The Declaration of Independence
We celebrate American Independence Day on the Fourth of July every year. We think of July 4, 1776, as a day that represents the Declaration of Independence and the birth of the United States of America as an independent nation.
But July 4, 1776 wasn’t the day that the Continental Congress decided to declare independence (they did that on July 2, 1776).
It wasn’t the day we started the American Revolution either (that had happened back in April 1775).
And it wasn’t the day Thomas Jefferson wrote the first draft of the Declaration of Independence (that was in June 1776). Or the date on which the Declaration was delivered to Great Britain (that didn’t happen until November 1776). Or the date it was signed (that was August 2, 1776).
So what did happen on July 4, 1776?
The Continental Congress approved the final wording of the Declaration of Independence on July 4, 1776. They’d been working on it for a couple of days after the draft was submitted on July 2nd and finally agreed on all of the edits and changes.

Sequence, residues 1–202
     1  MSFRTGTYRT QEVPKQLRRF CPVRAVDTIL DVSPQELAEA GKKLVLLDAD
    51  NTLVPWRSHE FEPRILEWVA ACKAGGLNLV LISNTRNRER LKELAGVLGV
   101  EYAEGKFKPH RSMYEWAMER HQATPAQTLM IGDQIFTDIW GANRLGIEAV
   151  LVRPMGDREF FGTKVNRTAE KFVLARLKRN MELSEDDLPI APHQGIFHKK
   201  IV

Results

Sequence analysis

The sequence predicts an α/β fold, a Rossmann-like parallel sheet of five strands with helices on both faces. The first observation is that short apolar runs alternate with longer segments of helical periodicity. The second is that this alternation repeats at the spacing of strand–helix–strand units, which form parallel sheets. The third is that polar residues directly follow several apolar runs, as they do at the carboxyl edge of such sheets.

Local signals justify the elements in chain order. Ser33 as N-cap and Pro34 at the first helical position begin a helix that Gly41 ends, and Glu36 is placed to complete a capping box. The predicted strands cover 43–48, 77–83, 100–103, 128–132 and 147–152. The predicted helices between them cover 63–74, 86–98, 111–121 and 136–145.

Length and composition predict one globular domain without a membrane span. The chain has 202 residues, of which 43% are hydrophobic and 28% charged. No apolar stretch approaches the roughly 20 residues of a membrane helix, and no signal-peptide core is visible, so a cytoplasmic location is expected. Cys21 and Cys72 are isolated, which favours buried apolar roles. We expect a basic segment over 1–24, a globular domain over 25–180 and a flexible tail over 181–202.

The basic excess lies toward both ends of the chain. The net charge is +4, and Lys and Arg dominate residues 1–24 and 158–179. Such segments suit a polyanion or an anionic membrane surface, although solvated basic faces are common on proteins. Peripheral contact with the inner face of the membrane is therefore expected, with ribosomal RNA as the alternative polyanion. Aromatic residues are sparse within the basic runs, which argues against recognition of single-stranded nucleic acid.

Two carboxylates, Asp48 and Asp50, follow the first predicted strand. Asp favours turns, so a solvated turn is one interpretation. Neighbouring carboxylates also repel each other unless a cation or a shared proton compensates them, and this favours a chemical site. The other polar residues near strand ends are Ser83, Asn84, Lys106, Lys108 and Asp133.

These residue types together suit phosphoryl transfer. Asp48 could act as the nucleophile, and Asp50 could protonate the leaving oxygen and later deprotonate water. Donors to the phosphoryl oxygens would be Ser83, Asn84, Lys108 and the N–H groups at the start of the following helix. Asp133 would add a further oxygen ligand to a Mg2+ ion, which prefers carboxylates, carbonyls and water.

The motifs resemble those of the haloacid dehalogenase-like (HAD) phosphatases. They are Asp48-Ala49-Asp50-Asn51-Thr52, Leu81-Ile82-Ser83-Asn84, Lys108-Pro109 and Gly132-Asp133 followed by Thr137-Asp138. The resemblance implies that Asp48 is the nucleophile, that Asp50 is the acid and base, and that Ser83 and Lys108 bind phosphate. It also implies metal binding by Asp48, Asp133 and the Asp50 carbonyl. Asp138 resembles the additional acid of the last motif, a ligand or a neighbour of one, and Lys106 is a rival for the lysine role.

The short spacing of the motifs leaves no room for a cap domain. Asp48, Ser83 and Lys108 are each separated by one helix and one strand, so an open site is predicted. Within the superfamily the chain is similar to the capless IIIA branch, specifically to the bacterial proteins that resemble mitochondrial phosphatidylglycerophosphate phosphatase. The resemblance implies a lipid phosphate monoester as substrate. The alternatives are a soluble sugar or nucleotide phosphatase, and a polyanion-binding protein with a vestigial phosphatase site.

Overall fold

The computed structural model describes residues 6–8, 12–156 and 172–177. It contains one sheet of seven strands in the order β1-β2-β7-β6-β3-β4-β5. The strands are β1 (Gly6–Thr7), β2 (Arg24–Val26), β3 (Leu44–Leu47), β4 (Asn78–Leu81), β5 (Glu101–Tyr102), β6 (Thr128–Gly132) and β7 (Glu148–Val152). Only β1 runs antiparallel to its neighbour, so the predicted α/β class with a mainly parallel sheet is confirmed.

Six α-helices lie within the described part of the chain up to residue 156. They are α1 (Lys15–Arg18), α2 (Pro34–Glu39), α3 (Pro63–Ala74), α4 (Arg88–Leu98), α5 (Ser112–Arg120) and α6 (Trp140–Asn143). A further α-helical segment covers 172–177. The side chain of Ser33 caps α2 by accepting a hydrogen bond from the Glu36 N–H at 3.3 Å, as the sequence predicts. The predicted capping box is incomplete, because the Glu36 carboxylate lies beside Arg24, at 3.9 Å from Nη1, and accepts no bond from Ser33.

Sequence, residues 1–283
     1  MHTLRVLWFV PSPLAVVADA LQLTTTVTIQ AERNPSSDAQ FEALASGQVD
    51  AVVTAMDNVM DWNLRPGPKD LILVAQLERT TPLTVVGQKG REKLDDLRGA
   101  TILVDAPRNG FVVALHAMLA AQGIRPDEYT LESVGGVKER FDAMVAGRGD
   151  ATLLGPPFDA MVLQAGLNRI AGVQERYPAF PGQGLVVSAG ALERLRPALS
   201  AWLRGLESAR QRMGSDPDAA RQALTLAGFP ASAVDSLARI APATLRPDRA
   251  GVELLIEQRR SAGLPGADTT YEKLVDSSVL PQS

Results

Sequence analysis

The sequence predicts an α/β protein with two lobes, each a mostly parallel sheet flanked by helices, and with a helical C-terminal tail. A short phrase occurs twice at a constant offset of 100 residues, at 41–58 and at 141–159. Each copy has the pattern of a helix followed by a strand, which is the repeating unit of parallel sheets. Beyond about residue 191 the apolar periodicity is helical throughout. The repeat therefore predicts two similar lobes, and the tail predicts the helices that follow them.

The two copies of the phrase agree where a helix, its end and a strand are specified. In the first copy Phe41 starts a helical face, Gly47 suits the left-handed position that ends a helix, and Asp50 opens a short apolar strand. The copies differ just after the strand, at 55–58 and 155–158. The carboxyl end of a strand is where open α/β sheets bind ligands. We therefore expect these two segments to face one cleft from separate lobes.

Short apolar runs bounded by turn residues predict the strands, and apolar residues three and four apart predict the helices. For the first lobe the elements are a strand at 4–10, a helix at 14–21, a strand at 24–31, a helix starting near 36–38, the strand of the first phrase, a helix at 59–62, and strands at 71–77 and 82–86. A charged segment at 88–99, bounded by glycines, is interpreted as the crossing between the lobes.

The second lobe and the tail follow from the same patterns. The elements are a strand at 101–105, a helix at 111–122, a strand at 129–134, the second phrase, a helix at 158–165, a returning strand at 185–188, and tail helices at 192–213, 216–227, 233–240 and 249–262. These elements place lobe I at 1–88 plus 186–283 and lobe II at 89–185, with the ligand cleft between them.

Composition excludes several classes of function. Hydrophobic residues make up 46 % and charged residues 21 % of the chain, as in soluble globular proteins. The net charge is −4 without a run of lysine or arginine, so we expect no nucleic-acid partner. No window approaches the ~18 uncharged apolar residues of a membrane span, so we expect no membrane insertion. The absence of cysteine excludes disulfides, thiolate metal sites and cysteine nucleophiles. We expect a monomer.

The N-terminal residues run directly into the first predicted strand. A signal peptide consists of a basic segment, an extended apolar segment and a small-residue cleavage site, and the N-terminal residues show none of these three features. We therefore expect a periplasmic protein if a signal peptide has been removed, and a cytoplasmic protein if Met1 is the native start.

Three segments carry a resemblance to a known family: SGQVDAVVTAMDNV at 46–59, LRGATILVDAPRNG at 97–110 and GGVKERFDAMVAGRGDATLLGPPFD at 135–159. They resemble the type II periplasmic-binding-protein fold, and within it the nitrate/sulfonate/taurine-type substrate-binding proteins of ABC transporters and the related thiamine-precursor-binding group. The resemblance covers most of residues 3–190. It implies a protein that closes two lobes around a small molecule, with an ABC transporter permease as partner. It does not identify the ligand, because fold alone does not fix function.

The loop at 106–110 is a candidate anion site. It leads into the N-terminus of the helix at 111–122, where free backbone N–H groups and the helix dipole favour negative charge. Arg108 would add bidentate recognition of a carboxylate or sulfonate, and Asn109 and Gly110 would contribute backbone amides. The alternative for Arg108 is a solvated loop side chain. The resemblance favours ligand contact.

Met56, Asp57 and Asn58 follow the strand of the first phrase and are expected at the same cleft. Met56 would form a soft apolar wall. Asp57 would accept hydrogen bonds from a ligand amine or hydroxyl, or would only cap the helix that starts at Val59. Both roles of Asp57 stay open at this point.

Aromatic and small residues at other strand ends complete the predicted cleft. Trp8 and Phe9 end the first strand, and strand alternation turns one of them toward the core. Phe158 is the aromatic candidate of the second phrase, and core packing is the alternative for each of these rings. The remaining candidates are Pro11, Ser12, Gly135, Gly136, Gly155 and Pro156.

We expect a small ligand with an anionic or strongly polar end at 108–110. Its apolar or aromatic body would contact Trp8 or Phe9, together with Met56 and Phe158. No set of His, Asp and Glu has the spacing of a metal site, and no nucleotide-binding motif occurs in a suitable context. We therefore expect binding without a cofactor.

July 4, 1776, became the date that was included on the Declaration of Independence, and the fancy handwritten copy that was signed in August (the copy now displayed at the National Archives in Washington, D.C.) It’s also the date that was printed on the Dunlap Broadsides, the original printed copies of the Declaration that were circulated throughout the new nation. So when people thought of the Declaration of Independence, July 4, 1776 was the date they remembered.
In contrast, we celebrate Constitution Day on September 17th of each year, the anniversary of the date the Constitution was signed, not the anniversary of the date it was approved. If we’d followed this same approach for the Declaration of Independence we’d being celebrating Independence Day on August 2nd of each year, the day the Declaration of Independence was signed!